Family Law Prof Blog

Editor: Margaret Ryznar
Indiana University
Robert H. McKinney School of Law

Thursday, August 18, 2011

Family Law in Japan

From the Japan Times Online:

Those focused on the government's stumbling efforts to protect the children of Fukushima from radioactive contamination may find this hard to believe, but Japanese family law just got more child-friendly — maybe. If Japan finally signs the Hague Convention on child abduction, as it appears it will, it could become even more so. There is a big "maybe" here too, so it remains to be seen whether these two steps taken by the Diet will steer the country away from its status as a black hole for parental abduction or leave it treading the same sorry path.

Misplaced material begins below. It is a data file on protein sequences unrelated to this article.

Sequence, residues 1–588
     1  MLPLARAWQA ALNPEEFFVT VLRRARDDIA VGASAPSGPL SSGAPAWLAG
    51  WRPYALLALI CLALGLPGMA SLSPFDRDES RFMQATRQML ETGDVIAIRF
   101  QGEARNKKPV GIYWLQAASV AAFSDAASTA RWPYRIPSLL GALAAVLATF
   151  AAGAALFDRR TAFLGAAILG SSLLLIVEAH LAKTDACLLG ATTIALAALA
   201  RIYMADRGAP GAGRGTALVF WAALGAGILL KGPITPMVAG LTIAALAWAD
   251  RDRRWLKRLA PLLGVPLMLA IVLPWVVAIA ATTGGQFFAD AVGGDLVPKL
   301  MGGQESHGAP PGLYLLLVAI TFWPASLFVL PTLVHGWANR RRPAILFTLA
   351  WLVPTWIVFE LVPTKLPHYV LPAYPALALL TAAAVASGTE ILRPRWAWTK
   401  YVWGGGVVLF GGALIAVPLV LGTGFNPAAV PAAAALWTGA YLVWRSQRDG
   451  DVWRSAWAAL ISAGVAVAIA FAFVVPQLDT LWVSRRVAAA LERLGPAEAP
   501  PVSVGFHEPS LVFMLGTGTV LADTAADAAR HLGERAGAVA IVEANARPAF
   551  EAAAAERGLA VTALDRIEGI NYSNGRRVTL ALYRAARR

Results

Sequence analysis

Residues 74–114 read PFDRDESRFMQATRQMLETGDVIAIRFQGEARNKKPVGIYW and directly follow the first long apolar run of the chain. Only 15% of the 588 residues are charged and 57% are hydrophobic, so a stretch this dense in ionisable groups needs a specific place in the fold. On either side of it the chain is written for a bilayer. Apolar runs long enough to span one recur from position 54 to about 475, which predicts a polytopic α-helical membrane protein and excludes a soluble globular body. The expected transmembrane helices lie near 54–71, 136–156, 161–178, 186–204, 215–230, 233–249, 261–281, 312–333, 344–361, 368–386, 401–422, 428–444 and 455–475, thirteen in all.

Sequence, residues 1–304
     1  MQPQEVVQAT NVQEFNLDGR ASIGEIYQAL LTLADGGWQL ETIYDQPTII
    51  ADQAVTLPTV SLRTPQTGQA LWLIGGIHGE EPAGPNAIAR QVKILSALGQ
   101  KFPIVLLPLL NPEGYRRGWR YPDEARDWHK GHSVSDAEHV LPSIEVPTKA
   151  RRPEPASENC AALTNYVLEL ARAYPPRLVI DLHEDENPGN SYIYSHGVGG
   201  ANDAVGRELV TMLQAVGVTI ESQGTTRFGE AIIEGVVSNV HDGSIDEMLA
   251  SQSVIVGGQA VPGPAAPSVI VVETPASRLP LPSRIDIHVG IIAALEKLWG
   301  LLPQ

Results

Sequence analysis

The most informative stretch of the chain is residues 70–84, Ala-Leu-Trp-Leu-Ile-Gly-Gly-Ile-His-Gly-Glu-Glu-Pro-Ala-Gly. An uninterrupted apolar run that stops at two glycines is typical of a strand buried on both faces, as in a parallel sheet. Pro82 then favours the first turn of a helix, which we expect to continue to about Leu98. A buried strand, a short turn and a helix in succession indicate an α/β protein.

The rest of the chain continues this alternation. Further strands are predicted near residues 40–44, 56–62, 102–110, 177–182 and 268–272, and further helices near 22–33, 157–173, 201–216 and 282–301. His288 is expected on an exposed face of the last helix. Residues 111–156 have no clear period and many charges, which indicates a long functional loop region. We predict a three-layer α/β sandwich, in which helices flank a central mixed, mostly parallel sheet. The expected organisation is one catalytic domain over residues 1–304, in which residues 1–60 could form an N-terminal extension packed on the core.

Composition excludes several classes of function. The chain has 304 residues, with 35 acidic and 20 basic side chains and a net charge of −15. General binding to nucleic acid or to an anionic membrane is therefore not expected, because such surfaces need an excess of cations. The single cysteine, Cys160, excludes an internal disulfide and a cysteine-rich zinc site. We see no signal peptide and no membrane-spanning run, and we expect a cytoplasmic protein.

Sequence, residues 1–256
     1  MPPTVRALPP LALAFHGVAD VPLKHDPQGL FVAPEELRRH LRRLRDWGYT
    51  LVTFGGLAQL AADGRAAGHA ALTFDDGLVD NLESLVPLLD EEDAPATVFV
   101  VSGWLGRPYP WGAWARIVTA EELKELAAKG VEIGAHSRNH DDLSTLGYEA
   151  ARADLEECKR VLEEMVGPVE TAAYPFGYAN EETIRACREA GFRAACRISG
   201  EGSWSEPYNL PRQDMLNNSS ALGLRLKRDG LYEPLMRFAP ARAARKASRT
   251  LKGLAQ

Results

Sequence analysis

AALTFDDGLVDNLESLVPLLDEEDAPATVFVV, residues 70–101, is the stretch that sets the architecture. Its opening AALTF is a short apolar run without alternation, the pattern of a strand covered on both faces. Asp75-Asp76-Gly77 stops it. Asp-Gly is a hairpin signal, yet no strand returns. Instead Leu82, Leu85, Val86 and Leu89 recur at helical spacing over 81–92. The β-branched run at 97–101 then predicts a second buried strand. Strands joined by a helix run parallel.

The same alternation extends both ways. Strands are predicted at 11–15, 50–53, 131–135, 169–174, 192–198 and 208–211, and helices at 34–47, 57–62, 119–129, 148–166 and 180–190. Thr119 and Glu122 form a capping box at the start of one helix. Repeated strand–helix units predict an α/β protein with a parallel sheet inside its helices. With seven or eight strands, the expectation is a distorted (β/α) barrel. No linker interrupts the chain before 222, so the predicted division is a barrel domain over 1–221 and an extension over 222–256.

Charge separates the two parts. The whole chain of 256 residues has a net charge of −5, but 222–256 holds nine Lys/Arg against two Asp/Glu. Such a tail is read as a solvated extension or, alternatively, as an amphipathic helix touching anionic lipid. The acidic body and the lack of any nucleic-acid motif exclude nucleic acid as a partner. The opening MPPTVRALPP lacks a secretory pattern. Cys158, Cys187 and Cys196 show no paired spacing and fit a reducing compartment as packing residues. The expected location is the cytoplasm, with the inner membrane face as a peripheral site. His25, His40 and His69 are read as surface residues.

On May 27 a law was passed amending a number of provisions in the Civil Code relating to children and their parents. First, Article 766 of the code was revised to require parents seeking a cooperative (i.e., nonlitigated) divorce to decide upon visitation, child support payments and other matters relevant to their children's upbringing after divorce. Furthermore, the new provision says that the welfare of the children must be the primary consideration when these matters are decided.

Read more here.


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Japan has stuck its noise up in the air to the Hague Convention for years. it is about time they caught up with the rest of civilized world in that regards.

Posted by: Tulsa Divorce Attorneys | Aug 18, 2011 10:44:36 AM

It sounds like the Japanese lawmakers are trying to get it right.

Posted by: Divorce Lawyer Oklahoma City | Sep 19, 2011 7:29:50 PM

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